The law took effect last year and gives the country's security forces sweeping powers to go after suspected terrorists
Protesters wearing face masks display anti-terror bill placards during a rally at a university campus in Manila on July 4, 2020. (Photo: AFP)
The Philippines' highest court has struck down a "killer caveat" in President Rodrigo Duterte's controversial anti-terrorism law, but critics said the rest of the legislation still threatened human rights.
The law, which took effect last year, gives the country's security forces sweeping powers to go after suspected terrorists, but opponents say it is being used to stifle dissent and target government critics.
Lawyers, journalists and rights groups had petitioned the Supreme Court to remove sections of the law they argued were unconstitutional.
In a brief statement on Dec. 9, the court said the full bench had voted in favour of declaring two parts of the law unconstitutional.
The petitioners said one was a provision they had dubbed a "killer caveat," which they had argued was so vague that a protest or strike could be declared an act of terrorism.
Its removal was an "important win for the protection of civil liberties," said Jose Diokno of the Free Legal Assistance Group.
The anti-terrorism council, comprised of members of Duterte's cabinet, can order the warrantless arrest of anyone they deem a terrorist
Others were more cautious after the court rejected challenges to other provisions.
"We welcome the striking down of the killer caveat," said environmental activist network Kalikasan. But it noted the court upheld "the draconian powers of the anti-terrorism council that arrests, harasses and murders with zero regard of your legal standing."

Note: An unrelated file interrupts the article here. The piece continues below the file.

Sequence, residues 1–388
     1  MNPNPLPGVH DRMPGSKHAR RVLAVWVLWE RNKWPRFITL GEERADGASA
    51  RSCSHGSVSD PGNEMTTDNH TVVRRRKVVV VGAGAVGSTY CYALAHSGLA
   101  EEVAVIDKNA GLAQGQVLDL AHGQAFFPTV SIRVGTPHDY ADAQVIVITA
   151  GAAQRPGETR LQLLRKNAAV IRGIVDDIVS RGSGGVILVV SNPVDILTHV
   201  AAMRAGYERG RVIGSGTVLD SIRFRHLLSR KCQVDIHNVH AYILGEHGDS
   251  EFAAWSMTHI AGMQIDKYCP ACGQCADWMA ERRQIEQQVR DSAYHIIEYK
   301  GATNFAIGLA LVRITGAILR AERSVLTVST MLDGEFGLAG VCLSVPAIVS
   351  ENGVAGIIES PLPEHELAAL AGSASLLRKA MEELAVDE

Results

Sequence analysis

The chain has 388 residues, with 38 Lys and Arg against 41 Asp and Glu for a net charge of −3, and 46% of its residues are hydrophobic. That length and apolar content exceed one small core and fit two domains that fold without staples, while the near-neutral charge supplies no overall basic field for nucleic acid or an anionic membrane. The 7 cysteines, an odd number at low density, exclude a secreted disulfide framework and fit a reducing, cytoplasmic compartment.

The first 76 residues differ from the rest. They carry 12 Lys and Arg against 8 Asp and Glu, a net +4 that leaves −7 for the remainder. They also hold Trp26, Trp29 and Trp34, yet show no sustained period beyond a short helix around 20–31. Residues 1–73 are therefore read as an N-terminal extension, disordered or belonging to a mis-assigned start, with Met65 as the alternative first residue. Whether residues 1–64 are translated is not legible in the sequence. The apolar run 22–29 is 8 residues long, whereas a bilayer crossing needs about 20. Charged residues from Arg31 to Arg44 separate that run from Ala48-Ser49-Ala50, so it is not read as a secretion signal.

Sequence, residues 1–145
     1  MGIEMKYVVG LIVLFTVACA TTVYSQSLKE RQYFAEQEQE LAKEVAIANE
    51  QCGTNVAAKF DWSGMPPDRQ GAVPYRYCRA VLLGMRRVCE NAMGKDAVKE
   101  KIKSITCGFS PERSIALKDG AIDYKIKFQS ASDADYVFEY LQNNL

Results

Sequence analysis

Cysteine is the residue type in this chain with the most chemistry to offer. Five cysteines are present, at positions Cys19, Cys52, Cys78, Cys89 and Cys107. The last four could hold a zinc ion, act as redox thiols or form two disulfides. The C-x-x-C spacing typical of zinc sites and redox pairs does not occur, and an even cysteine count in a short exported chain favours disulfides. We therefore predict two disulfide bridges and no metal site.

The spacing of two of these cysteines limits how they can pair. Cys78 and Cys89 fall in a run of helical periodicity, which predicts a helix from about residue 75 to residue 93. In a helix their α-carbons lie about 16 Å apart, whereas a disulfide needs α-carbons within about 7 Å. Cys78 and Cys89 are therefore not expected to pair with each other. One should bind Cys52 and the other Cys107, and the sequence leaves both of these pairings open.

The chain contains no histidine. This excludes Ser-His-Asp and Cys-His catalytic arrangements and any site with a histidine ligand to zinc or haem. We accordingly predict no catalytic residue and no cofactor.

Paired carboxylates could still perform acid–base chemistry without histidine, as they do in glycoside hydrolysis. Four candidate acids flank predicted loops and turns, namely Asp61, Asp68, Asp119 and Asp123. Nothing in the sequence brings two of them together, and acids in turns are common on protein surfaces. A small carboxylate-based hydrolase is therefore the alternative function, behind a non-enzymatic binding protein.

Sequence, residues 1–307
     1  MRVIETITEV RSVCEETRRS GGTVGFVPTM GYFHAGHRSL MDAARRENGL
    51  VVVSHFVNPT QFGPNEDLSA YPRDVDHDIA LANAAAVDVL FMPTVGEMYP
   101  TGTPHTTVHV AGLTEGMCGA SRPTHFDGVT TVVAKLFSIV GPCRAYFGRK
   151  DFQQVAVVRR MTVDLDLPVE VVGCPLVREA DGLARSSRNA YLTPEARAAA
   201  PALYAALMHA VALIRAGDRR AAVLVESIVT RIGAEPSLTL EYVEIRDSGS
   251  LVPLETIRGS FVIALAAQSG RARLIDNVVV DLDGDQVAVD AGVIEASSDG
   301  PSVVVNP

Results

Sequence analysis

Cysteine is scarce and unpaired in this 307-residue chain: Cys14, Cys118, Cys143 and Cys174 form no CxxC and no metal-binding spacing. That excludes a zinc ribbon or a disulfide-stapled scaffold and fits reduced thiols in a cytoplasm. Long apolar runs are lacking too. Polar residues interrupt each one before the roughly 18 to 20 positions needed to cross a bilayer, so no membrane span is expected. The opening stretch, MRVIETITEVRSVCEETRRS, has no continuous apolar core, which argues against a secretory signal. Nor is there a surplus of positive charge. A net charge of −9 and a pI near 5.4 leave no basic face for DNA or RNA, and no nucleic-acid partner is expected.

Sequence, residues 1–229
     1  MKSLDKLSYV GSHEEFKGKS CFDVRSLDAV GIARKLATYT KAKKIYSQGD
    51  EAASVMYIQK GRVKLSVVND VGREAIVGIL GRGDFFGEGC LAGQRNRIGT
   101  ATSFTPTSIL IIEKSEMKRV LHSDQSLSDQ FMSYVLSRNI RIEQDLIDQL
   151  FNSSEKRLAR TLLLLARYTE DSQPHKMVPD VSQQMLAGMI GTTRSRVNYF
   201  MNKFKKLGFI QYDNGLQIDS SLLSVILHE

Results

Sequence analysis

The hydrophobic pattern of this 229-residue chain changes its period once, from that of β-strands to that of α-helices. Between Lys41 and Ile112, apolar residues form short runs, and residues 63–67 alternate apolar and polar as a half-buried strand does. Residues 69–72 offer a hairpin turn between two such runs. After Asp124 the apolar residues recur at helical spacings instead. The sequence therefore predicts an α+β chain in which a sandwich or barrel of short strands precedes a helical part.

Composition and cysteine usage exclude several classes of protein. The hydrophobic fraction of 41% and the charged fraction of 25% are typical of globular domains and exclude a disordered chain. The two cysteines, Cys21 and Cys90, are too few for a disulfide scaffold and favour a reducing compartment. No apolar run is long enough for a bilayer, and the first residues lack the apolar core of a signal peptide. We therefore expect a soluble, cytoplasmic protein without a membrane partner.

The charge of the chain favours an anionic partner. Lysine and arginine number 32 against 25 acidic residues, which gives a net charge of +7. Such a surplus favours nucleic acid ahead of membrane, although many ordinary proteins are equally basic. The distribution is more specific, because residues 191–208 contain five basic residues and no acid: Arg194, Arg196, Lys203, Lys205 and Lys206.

The anti-terrorism council, comprised of members of Duterte's cabinet, can order the warrantless arrest of anyone they deem a terrorist. Suspects can be detained for up to 24 days without charge.
Cristina Palabay, secretary general of rights group Karapatan, said other sections of the law remained "largely vague and susceptible to subjective interpretations and, therefore, abuse."
National security adviser Hermogenes Esperon declined to comment until he had seen the ruling. The full decision has not yet been published.
The government has argued the law is needed to combat terrorism in the country's south, where communist and Islamist groups have waged long-running insurgencies.
But UN human rights chief Michelle Bachelet previously expressed concerns the law could blur the distinction between criticism and criminality.
Several opponents of Duterte's administration have been put behind bars, including opposition Senator Leila de Lima who faces drug charges she insists were fabricated to silence her.
Veteran journalist Maria Ressa, a co-winner of this year's Nobel Peace Prize and one of the petitioners challenging the anti-terrorism law, is on bail pending an appeal against a conviction last year in a cyberlibel case.
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